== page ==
“Even though we technically weren’t rookies, it was only our second year,” said senior Cole Johnson. “We were shocked yet again when we were awarded the 2019 Creativity Award.”
The high school also continued to support their Distributive Education Clubs of America (DECA) program with students competing against peers, from all over the world.
“DECA prepares emerging leaders and entrepreneurs in marketing, finance, hospitality and management in high schools and colleges around the globe,” said business teacher Nancy Middaugh.
Seven Salamanca High School students participated in the DECA International Competition, which evaluates a student’s ability to speak, present and work in a 21st century Collaborative team. Salamanca senior Nyles Panus was a finalist for the international competition. Additionally, three Salamanca high school students were inducted into the New York DECA honor society.
In 2019, the high school and Prospect Elementary were again recognized by the WNY STEM Hub as a “School on the Move” during the agency’s annual awards reception. The elementary school, just starting its feeder STEAM program, earned a Schools on the Move – Engaged award, like the high school in previous years. Salamanca High School, meanwhile, earned an advanced notation on the award rubric.
“These schools on the move exemplify a focus on STEM by getting students excited about learning and careers in STEM,” said WNY STEM Hub’s Executive Director.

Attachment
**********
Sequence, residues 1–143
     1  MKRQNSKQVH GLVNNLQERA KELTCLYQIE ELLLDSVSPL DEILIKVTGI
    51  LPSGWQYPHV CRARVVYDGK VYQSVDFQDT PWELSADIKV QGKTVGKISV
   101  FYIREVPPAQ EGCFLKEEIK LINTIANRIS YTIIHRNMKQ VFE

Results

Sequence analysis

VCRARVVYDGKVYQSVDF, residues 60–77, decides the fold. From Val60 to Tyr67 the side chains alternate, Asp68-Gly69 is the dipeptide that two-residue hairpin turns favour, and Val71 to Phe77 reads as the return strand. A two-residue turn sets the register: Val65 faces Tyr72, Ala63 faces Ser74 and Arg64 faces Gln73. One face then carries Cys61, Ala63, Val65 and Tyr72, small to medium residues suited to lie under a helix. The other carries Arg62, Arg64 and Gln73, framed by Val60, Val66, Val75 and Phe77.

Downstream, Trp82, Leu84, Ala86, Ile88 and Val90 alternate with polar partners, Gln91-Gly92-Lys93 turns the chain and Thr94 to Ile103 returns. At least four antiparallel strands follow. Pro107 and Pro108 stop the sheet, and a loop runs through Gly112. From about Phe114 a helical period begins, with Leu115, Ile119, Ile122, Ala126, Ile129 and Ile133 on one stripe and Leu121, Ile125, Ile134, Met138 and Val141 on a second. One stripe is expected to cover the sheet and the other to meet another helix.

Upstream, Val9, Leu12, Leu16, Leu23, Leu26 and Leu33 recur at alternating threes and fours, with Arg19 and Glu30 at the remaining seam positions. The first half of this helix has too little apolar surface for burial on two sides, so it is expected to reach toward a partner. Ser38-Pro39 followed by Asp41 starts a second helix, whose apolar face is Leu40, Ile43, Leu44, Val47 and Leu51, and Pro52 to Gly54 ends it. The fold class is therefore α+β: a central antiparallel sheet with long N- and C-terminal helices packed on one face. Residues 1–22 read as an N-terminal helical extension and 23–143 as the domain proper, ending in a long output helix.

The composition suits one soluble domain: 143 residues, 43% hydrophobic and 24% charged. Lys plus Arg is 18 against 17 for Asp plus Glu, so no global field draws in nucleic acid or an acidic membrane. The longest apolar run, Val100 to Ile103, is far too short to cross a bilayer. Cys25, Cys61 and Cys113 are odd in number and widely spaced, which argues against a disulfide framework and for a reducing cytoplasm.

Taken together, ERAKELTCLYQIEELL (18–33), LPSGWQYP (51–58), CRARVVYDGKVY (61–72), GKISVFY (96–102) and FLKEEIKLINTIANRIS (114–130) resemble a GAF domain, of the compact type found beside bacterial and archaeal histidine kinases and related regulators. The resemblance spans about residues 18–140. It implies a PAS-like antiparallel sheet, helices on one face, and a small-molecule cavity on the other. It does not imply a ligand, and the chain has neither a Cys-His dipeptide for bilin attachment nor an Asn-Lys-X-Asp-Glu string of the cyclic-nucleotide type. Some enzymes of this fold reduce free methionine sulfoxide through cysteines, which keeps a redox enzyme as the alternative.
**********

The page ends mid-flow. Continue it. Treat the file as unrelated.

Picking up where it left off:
The high school then proceeded to take home a national STEM accommodation at the Future of Educational Conference (FETC) in Miami, Fla., for the integration of 3D printing, Engineering Design & Advanced Technology in the non-STEM subjects.
“Our program reflects a great deal of dedication and hard work by many people, including Salamanca High School’s students, faculty and parents in the greater Cattaraugus community,” said Straus.
SALAMANCA HIGH School further garnered attention in 2020 by non-educational professionals for its programmatic applications at the eve of the COVID pandemic.
In March, New York state was crowned the epicenter of the U.S. coronavirus outbreak. At that time, doctors, nurses and first responders reported dire shortages of protective gear. The region’s Health Department announced the Office of Emergency Services was taking donations of handmade masks to distribute to healthcare workers and community members in need.
“Like many districts across the nation, our district was closed, and the school was on a remote education plan,” said Straus. “Deeply troubled by national news, and seeing an opportunity for the program to help, we asked the district administration to let a small team into our STEAM Center to manufacture protective equipment on the 3D printers in person and remote. Our team got the OK on March 30, 2020, and by the next day, faculty and remote students were printing their face masks and shields for first responders.”
Along with this, Salamanca’s STEAM program creatively applied GIS mapping and cellular Wi-Fi technology to help solve another problem that arose as a result of the pandemic.
“The STEAM program worked with district officials to help identity, map and prioritize the delivery of home internet to area students, who were without internet broadband connection during the pandemic,” said Straus “and to coordinate the purchase and dissemination of 90 4G Wi-Fi devices, which were distributed to remote Salamanca families who lacked a direct cable run.”
This led to the New York State School Board Association conferring Salamanca High School’s STEAM Center a statewide title of Champions of Change, an honorary title, given to one New York school district per a school year.
Salamanca’s student body is composed of over 37% Indigenous population and 64% of the district is economically disadvantaged. More than half of the high-school students who participate in the STEAM program are from economically or racially underrepresented households in the STEM occupations.